Every philosopher must practice the arts of critique and construction: dismantling the arguments one disagrees with and building one’s own intellectual edifices. Few thinkers are equally good at both of these practices, which call for quite different skills, though no great thinker can do one only. As in so many other philosophical conversations, in this one we can trace ancestry back to the same original pair: Plato, through his mouthpiece Socrates, is the champion of all dismantlers; Aristotle the king of the architects.
Continental philosophy over the past half-century and more has specialized in the arts of disassembly—in what Martin Heidegger called Destruktion, Jacques Derridadeconstruction. It has not always been easy to tell what such thinkers would put in the place of the edifices they dismantled; at times some of them have simply disavowed the need to do so. (After delivering a paper at a conference early in his career, Derrida was once asked where he was going with his arguments, to which he replied that he was trying to put himself in a position where he no longer knew where he was going.)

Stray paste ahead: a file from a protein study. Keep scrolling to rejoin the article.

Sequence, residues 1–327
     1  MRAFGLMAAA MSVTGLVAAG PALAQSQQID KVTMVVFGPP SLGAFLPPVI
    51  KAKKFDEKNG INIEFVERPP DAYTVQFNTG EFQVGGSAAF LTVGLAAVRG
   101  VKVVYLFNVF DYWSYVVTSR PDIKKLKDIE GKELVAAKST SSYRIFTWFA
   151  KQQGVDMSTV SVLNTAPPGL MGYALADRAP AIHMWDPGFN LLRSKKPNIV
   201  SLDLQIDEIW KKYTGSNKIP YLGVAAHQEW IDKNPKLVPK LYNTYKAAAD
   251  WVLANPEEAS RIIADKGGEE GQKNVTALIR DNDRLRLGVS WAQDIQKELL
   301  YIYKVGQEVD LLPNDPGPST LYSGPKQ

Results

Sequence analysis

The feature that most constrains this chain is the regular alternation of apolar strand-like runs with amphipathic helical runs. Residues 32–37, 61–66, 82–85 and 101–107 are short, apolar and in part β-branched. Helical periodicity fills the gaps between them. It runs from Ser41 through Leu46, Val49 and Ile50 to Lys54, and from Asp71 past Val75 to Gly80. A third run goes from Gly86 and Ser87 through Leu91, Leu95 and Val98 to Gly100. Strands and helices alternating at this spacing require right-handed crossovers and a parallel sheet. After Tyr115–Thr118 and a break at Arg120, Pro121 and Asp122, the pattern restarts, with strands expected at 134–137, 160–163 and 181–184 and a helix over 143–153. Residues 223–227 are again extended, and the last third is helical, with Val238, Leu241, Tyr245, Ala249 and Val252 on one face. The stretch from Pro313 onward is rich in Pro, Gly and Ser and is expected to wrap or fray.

By contrast, the English philosopher Roger Scruton has devoted much of his career to the articulation of a complex and highly positive account of conservatism: of what resources the conservative disposition brings to the challenge of sustaining the social order—through politics, yes, but especially through the mediating social forces of religion, community, and the arts. But in Fools, Frauds and Firebrands: Thinkers of the New Left, he largely sets aside constructive philosophical work in order to dismantle the dismantlers. This he does with rhetorical vigor and flair, and though he often paints with the broadest of brushes and does not always make the distinctions perfect fairness would call for, his critique is a powerful one indeed.